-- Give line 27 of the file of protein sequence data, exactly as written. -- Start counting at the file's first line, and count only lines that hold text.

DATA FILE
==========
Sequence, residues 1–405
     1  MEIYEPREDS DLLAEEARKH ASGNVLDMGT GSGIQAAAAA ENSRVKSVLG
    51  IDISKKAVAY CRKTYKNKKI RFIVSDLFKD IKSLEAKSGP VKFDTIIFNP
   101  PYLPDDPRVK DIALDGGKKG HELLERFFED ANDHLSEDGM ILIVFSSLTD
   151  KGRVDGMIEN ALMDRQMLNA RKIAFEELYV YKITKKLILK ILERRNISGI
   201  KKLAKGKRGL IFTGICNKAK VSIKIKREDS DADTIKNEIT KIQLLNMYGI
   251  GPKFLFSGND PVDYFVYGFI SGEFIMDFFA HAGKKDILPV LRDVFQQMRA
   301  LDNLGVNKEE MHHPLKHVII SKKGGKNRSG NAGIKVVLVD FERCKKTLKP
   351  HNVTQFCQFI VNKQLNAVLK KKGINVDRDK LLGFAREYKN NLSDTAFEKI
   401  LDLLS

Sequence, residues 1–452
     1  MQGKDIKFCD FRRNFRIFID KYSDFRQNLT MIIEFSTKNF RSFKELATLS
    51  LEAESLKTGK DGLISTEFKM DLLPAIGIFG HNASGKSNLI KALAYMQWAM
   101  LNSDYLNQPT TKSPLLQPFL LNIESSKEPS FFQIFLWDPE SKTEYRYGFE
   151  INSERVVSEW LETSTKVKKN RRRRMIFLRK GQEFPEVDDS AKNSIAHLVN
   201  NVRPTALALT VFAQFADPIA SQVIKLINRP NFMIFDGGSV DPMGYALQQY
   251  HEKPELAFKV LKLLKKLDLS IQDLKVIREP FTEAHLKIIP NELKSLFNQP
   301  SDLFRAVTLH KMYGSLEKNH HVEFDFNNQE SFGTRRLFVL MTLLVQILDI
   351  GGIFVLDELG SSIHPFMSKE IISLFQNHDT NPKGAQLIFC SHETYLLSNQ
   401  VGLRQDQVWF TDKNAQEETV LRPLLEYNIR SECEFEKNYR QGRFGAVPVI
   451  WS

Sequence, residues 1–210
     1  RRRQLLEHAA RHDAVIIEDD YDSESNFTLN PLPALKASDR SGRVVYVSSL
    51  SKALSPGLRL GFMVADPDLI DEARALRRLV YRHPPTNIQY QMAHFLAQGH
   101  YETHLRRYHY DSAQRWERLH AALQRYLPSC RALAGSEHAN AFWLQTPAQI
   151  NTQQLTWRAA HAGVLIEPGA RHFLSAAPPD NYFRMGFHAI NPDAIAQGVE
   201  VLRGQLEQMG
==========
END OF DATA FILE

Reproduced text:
   201  VLRGQLEQMG